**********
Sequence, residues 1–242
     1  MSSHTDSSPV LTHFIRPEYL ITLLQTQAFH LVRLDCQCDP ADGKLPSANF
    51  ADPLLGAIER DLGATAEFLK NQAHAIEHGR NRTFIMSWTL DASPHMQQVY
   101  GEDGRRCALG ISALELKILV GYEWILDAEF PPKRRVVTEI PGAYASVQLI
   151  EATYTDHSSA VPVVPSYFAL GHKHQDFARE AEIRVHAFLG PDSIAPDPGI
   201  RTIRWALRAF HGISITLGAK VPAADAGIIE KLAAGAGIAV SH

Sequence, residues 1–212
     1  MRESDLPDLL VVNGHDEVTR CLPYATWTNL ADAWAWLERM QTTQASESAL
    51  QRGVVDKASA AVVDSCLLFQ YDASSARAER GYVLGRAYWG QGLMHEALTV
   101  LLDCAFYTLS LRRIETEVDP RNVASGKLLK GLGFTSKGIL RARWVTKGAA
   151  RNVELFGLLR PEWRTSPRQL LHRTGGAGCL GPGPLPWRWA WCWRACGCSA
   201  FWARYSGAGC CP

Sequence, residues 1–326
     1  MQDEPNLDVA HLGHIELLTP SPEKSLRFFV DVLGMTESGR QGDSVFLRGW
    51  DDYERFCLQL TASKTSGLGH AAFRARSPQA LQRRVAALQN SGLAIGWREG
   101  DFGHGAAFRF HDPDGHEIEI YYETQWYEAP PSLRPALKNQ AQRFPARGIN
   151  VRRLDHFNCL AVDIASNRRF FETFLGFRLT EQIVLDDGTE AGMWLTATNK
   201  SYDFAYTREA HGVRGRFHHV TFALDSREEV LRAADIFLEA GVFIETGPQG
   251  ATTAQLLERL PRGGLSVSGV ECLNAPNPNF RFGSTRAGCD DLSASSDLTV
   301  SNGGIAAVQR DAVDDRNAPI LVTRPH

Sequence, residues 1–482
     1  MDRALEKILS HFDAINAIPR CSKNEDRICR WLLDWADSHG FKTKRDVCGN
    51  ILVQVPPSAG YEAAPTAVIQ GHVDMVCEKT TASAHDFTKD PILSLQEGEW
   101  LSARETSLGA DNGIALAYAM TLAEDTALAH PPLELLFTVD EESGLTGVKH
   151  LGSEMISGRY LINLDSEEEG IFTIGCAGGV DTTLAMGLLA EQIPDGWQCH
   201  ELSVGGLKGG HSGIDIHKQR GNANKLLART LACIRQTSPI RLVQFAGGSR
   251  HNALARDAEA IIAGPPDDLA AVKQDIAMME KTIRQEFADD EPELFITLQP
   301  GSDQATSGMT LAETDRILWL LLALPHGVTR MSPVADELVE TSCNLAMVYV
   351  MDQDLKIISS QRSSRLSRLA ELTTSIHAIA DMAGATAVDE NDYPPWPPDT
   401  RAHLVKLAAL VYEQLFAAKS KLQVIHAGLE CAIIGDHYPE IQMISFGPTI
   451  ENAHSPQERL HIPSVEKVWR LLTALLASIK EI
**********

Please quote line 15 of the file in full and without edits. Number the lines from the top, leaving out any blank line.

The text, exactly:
    51  DDYERFCLQL TASKTSGLGH AAFRARSPQA LQRRVAALQN SGLAIGWREG